When performing normalization of real time PCR results, I found two ways of doing it:

  1. In my lab they follow the next layout: $\text{Efficiency}^{-(CT\ _{\large\text{interest gene}} - CT _{\large\text{ housekeeping}})}$ each time controls with controls and treatments with treatments. Then they divide the all values (treated and controls) each with controls.

  2. On the other hand I found another way to normalize that follows this steps: $\text{Efficiency}^{(CT_{\large\text{control}} - CT_{\large\text{treated}})}$. Then you make the same for the normalizing gene and divide the first by the last.

The values obtained are similar but not exact. Also I noticed that first algorithm gives rather different values for most diluted when performing a standard curve. Which is correct?

  • 1
    $\begingroup$ For those who are not satisfied with $2^{\Delta(\Delta Ct)}$ and want to incorporate different efficiencies of the target and normalizer PCR reactions, would this formula work to calculate arbitrary values for relative expression: $$\frac{\mbox{Efficiency}_{target}^{-(Ct_{\text{target}})}}{\mbox{Efficiency}_{normalizer}^{-(Ct_{\text{normalizer}})}}$$ I have compared the results with that of the RTPCR instrument's own software using calibrators from a pool of tested samples, and they fit almost perfectly. But is the equation valid in a theoretical sense? $\endgroup$ Commented Apr 17, 2015 at 13:48

2 Answers 2


First step is the calculation of efficiency, denoted by lets say $E_{gene}$. See this post for calculation of primer efficiency.

So the fold change for that gene will be calculated by $E_{gene}^{-\Delta Ct_{gene}}$


$\Delta Ct = Ct^{treated} -Ct^{control}$

But these Ct values are not normalized. For normalization, you take some reference gene which need not be a housekeeping gene. Reference gene should chosen such that it is not affected by the treatment. In some cases usual housekeeping genes can also get affected for e.g. in treatments affecting cell cycle or differentiation. In such cases you should use a spike-in (an artificial RNA bearing low resemblance with any known gene).

You can either normalize the fold change (Case A) or find fold change of the normalized expression (Case B).

Means the same mathematically.

Case A:

$E_{gene}^{-\Delta Ct_{gene}} / E_{ref}^{-\Delta Ct_{ref}}$

Case B:

$\large\frac{[E_{gene}^{-Ct^{treated}_{gene}}]/[E_{ref}^{-Ct^{treated}_{ref}}]} {[E_{gene}^{-Ct^{control}_{gene}}]/[E_{ref}^{-Ct^{control}_{ref}}]}$

You can rearrange the numerator and denominator to get Case A from Case B. I'm not sure how you are ending up getting different values. Recheck once. It may be because of numerical approximation errors.

Case A looks much neater; so it is best to calculate that way :)

  • $\begingroup$ sorry for the trouble but mistook on the query, my point 1 is edited $\endgroup$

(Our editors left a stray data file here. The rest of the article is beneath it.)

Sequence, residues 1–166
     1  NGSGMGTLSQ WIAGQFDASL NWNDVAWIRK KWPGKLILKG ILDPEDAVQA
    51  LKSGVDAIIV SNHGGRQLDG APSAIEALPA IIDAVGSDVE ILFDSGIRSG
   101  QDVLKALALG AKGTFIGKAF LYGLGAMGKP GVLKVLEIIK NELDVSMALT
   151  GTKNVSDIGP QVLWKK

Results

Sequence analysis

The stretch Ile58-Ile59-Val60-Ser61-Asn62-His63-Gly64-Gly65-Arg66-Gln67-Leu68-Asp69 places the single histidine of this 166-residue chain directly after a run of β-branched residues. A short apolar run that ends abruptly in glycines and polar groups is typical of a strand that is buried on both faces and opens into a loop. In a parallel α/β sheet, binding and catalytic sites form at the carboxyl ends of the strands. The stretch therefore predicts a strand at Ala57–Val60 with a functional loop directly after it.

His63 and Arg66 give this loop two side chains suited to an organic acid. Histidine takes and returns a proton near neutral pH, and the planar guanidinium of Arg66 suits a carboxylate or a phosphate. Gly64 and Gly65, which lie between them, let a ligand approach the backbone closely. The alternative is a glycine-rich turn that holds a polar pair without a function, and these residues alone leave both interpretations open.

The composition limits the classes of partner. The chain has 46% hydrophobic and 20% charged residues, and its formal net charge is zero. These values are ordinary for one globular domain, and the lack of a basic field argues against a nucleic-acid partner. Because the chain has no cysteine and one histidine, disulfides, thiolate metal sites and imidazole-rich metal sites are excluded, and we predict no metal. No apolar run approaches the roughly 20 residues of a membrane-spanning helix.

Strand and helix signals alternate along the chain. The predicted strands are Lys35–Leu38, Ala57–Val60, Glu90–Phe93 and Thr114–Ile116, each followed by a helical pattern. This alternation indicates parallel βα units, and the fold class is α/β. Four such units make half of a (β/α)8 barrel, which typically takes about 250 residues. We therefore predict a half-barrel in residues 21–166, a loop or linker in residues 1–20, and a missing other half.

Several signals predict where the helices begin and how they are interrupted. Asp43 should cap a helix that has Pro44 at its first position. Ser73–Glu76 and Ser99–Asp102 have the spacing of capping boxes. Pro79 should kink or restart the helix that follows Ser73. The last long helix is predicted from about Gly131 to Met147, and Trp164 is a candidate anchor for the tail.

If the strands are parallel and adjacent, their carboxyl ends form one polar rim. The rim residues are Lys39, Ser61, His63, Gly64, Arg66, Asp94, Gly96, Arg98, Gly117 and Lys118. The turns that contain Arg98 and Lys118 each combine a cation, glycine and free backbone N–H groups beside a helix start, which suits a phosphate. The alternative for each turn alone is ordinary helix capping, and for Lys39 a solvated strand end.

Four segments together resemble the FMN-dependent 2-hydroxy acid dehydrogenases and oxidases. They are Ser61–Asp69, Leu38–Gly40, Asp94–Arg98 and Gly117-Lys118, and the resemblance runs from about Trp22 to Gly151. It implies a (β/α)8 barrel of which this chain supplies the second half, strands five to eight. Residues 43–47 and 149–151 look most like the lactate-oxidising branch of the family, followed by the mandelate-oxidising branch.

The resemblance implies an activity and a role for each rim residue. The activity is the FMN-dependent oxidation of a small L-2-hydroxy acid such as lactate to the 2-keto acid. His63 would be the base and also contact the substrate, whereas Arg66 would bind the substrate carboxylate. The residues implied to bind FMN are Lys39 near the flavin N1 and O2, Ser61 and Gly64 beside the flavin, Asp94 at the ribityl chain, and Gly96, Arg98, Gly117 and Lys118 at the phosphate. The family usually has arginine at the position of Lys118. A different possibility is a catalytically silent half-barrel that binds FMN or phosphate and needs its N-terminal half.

– Katz
    Commented Mar 31, 2014 at 10:46
  • $\begingroup$ Answer still holds :) Case B is what your lab people follow (point 1) and Case A is the point 2 of your question $\endgroup$
    Commented Mar 31, 2014 at 10:47
  • $\begingroup$ Note: you cannot club the fractions in the numerator together to obtain the $point\ 1$ sort of form because the bases are not same ($E_{gene} \ vs \ \ E_{ref}$). It can only be done if the efficiencies are the same. $\endgroup$
    Commented Mar 31, 2014 at 10:58

This topic could probably have it's own StackExchange, there is so much info and trial and error done with rtPCR. Here's my 2 cents:

Your adjusted calculation does not normalize your data, it just subtracts the 'background' or control. For expression studies this is not good enough. Normalizing data for gene expression must involve setting it to a scale of another gene whose expression should be not only present but consistent between your treated and untreated samples. House keeping genes (you are probably using GAPDH) make good candidates for this because their expression rarely changes. If you don't normalize than you don't know if your your expression is actually changing, or if it's simply due to a larger input of mRNA. However it must be shown that the housekeeping gene's expression is also not changing, this is usually accomplished using a different sample set. Take if from me, I've done a lot of this and this step is one of the most important in your experiment. Any reviewer who knows what he's doing will reject a paper using rtPCR without the proper statistics.

I have had a lot of success using Applied Biosystems StepOne software to provide you with accurate Ct values. Generating the variable is complication, use software to do it right every time:


What method/system are you using?

  • $\begingroup$ There have been several instances in which GAPDH is not suitable as a reference gene. $\endgroup$
    Commented Mar 31, 2014 at 8:49
  • $\begingroup$ SYB GReen and roche, about normalizing no clue really $\endgroup$
    – Katz
    Commented Mar 31, 2014 at 10:19

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